Medicaid expansion has proven to be quite popular. And in the 2018 election, three more red states — Idaho, Nebraska and Utah — voted to join in. Right now, 18 states have applied to the federal government to implement work requirements; but most such programs haven’t yet gone into effect.

“The one work requirement program that’s actually gone into effect is in Arkansas,” says Nicholas Bagley, professor of law at the University of Michigan and a close follower of the ACA. “We now have good data indicating that tens of thousands of people were kicked off of Medicaid, not because they were ineligible under the work requirement program, but because they had trouble actually following through on the reporting requirements — dealing with websites, trying to figure out how to report hours effectively, and all the rest.”

If more states are able to implement work requirements, Bagley says, that could lead “to the loss of coverage for tens of thousands — or even hundreds of thousands — of people.”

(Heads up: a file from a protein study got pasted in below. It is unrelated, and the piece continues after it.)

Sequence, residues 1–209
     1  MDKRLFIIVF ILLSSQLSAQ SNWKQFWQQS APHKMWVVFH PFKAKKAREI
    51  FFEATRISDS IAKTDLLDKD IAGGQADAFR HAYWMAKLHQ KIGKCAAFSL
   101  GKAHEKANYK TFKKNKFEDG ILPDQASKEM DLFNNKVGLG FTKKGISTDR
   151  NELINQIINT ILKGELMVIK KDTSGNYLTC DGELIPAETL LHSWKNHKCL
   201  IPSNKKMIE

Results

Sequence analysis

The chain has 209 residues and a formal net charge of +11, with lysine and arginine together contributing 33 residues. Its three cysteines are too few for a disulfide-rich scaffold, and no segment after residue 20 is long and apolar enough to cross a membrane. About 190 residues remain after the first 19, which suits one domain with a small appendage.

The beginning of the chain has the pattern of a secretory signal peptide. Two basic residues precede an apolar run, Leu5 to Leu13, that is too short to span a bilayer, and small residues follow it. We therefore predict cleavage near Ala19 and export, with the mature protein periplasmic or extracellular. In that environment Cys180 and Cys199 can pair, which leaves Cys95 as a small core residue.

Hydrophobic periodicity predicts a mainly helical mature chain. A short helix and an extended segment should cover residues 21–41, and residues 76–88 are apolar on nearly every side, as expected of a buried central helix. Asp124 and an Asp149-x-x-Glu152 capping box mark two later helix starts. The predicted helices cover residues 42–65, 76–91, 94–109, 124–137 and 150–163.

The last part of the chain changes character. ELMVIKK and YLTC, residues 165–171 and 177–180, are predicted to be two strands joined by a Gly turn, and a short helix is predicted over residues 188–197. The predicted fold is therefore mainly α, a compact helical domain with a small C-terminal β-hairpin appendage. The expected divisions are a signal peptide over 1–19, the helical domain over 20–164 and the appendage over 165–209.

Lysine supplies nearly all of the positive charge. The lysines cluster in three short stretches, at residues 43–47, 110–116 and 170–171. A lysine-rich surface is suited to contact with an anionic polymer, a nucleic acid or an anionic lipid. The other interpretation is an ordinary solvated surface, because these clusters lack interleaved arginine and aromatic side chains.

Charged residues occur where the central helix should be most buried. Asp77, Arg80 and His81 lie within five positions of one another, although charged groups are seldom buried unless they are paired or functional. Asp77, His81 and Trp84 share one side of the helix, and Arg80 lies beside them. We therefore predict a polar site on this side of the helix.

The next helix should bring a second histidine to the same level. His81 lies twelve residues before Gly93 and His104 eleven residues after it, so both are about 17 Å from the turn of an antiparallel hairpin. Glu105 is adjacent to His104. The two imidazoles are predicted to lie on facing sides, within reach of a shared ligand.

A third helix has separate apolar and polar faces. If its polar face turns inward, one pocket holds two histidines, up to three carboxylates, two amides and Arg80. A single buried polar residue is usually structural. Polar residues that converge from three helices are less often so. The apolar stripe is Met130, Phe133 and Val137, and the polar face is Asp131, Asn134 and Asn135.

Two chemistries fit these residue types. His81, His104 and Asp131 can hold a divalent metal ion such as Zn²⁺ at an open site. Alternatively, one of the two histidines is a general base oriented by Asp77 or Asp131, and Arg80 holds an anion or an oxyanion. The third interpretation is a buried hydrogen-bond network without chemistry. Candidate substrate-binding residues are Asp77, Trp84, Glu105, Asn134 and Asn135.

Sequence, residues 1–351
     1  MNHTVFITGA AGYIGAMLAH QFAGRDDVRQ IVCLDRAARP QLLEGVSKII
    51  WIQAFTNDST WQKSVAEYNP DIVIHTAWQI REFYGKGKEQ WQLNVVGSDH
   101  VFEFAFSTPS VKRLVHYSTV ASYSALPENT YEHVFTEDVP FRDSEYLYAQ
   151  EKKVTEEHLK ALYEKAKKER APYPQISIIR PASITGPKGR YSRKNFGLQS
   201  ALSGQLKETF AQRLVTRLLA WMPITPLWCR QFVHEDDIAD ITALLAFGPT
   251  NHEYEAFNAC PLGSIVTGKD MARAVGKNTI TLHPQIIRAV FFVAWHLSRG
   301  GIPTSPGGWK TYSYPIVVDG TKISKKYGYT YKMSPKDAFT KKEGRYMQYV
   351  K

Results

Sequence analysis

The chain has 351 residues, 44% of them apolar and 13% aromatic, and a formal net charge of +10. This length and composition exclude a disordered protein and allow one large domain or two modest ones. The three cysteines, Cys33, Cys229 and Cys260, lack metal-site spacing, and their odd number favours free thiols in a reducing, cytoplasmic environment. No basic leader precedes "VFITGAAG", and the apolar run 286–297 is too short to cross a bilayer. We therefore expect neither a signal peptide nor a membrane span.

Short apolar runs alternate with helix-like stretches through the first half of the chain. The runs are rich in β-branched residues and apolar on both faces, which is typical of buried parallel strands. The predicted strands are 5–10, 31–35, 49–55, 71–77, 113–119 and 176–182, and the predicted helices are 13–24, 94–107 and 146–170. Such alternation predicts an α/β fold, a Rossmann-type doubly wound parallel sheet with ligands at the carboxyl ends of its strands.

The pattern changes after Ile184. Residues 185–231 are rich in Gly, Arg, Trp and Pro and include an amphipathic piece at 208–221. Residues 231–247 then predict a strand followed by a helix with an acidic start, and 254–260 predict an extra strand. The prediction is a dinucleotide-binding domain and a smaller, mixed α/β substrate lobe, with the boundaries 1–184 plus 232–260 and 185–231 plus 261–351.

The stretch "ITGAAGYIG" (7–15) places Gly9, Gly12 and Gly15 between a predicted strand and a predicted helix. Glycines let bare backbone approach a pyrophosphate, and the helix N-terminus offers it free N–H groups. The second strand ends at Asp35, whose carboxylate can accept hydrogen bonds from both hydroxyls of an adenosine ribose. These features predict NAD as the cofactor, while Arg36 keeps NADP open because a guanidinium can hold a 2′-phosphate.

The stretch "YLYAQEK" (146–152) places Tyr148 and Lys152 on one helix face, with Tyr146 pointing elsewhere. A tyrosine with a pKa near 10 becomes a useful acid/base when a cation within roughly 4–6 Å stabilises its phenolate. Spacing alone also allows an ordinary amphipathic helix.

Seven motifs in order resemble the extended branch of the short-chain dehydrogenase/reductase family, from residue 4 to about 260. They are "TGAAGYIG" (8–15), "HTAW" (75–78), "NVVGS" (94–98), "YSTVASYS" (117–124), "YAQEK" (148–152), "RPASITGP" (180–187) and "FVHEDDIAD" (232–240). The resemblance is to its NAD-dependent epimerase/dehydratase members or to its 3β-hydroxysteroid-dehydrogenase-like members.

CMS administrator Verma has pushed back on the idea that these requirements are “some subversive attempt to just kick people off of Medicaid.” Instead, she says, “their aim is to put beneficiaries in control with the right incentives to live healthier, independent lives.”

3. Cost-sharing reduction subsidies to insurers have ended

What is it? Payments from the federal government to insurers to motivate them to stay in the ACA insurance exchanges and help keep premiums down.

What changed? The Trump administration suddenly stopped paying these subsidies in 2017.

What does the administration say? “I knocked out the hundreds of millions of dollars a month being paid back to the insurance companies by politicians. … This is money that goes to the insurance companies to line their pockets, to raise up their stock prices. And they’ve had a record run. They’ve had an incredible run, and it’s not appropriate.” — President Trump, the White House, Oct 17, 2017